EDF faces two time limits on Hinkley C. First, it apparently gets cancelled if EDF’s own similar EPR reactor at Flammanville in France is not up and working by 2020. Second, although EDF boasts a firm 2019 start date at Hinkley C, the UK government’s £92.50 strike price (subsidy) and £2 billion finance guarantee apparently also cease if the reactor is not up and running by 2033. These dates could change because of Brexit, but renegotiating them would be a big headache and oopen further public debate. Build time? Well, EDF have now lengthened Sizewell’s build time to 10-12 years from 8-10. No-one really believes this. But it suggests that Hinkley could well hit the 2033 buffer if it can’t at least start in 2019.
Industrial Strategy & Energy Policy
A clue to problems with the nuclear renaissance came in the big hooha about a new government industrial strategy over the Xmas period. Looked at closely, the ten ‘pillars” - themes - include energy & nuclear. But all that this chapter says about nuclear energy is that Hinkley C is confirmed and £180 million has beeen set aside to support training up new nuclear engineers because the UK is very short of them. Nothing about the renaissance, nothing much about energy policy, but, if the green paper is to be believed, an implicit energy “review”, stressing a “low carbon” future.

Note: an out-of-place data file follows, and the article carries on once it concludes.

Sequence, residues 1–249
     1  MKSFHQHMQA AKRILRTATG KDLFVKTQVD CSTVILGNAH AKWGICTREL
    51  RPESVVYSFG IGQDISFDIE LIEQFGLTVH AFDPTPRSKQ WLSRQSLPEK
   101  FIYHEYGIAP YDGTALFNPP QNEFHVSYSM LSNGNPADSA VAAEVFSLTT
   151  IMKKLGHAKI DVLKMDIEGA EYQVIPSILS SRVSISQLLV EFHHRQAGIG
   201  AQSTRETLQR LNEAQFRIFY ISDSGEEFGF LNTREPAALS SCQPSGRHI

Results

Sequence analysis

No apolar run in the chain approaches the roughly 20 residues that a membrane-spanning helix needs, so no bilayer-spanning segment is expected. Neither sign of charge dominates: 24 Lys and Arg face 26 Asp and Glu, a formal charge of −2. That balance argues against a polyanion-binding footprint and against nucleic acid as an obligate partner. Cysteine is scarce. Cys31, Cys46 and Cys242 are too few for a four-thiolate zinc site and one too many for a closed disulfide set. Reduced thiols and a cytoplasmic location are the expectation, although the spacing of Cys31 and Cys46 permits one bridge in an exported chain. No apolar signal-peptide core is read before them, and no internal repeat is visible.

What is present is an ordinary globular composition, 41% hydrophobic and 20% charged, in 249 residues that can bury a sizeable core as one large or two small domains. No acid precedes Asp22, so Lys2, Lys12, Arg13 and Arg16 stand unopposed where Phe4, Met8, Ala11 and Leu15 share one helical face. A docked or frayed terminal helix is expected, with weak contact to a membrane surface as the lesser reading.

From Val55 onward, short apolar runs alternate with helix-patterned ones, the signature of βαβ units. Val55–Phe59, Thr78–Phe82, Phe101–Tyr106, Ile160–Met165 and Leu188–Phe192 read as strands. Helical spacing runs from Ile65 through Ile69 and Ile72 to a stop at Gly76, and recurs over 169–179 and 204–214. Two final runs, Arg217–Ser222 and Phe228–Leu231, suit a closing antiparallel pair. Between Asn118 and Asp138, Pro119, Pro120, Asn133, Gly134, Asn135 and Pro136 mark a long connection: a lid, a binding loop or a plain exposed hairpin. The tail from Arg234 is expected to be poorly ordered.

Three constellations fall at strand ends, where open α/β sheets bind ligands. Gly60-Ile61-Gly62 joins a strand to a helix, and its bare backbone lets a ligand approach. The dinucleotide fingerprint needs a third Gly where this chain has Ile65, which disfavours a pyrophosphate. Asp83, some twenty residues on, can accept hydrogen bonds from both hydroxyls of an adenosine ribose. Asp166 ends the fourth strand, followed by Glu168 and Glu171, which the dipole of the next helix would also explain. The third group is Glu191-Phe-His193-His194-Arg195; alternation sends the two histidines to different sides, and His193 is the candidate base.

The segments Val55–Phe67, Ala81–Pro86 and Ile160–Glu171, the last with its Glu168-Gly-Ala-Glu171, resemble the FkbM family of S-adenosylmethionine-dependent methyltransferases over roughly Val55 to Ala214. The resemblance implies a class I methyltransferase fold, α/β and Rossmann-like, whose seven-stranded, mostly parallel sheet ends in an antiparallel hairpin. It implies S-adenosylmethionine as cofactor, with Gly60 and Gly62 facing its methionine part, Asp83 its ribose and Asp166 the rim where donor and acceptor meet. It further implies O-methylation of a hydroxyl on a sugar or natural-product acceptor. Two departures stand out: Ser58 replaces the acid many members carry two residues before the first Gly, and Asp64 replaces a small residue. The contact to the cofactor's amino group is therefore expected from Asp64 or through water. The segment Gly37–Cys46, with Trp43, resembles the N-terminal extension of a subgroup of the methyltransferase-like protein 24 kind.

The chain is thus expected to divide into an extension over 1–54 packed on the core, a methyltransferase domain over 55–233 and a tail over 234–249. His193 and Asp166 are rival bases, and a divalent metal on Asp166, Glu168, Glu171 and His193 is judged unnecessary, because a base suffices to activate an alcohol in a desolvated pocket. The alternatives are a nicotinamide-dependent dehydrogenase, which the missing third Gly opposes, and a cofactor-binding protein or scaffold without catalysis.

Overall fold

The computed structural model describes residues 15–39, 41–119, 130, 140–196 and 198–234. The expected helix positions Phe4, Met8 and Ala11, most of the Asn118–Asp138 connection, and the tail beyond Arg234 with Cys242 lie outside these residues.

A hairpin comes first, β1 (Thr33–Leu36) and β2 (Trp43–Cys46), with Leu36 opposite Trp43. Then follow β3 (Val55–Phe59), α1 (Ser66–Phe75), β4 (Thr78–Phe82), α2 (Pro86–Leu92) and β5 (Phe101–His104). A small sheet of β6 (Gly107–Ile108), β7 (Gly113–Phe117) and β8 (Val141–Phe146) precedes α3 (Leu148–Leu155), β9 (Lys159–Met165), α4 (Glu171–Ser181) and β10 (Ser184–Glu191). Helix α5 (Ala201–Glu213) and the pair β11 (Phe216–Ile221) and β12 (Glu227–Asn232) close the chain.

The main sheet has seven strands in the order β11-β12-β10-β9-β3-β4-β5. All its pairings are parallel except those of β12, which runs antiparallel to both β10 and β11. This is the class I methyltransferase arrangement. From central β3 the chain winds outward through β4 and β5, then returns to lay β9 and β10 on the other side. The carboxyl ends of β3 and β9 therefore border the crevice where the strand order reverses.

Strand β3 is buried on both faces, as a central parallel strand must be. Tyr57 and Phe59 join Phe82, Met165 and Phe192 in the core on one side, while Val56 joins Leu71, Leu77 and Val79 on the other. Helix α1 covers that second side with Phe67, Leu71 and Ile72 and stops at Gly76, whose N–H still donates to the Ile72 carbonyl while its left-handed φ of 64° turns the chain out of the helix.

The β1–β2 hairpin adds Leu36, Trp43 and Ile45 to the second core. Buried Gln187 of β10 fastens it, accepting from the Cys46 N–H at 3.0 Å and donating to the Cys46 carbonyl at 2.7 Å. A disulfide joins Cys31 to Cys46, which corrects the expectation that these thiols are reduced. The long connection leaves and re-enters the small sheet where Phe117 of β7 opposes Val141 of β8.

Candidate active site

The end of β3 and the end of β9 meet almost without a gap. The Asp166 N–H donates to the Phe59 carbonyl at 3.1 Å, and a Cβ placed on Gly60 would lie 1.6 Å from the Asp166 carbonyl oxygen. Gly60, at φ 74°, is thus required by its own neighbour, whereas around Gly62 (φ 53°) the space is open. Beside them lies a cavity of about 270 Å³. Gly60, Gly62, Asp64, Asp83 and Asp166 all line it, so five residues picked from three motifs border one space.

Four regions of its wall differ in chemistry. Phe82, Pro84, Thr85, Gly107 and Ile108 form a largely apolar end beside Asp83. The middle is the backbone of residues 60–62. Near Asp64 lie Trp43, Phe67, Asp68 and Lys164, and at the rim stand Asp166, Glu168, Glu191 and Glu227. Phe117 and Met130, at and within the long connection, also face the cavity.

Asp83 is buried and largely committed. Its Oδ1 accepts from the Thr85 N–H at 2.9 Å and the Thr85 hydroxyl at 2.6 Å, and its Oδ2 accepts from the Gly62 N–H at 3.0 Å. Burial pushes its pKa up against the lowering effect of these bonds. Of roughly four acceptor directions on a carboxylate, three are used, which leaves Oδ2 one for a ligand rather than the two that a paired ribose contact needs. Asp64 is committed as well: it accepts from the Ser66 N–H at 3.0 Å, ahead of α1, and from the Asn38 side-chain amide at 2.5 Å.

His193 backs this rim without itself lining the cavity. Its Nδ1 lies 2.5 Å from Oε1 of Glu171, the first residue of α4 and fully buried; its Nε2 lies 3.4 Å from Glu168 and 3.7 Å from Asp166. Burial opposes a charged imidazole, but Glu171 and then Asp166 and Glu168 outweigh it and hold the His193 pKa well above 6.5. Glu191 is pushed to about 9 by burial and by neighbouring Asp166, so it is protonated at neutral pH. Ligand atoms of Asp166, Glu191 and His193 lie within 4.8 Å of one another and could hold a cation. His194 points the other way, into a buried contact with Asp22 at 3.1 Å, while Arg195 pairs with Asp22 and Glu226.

Eversheds, the big London lawyers’ analysis is that it is all about cutting energy costs to consumers and businesses (a routine refrain), backing energy innovation through battery technology, storage, offshore wind and electric vehicles, and energy exports (to whom, given Brexit?). A revised CO2 emissions reduction plan is due this year, and there may be a new energy research body to look at smart grids and storage and batteries. Is this a ‘review” or not?
No mention that the smart meter roll-out will be paid for by customers whether they want one, or not. The new overall strategy is all about the Northern powerhouse, not East Anglia’s future.
Brexit & Nuclear Strategy not joined up?
Before the supreme court judges made their Brexit decision on MPs’ role, we thought that the government would need to stay in Euratom so that we could, in future, trade energy with the EU. Not just energy, but nuclear fuel manufacture and lots else, in a UK nuclear industry employing a total 68,000 workforce and a major fuel processing export industry.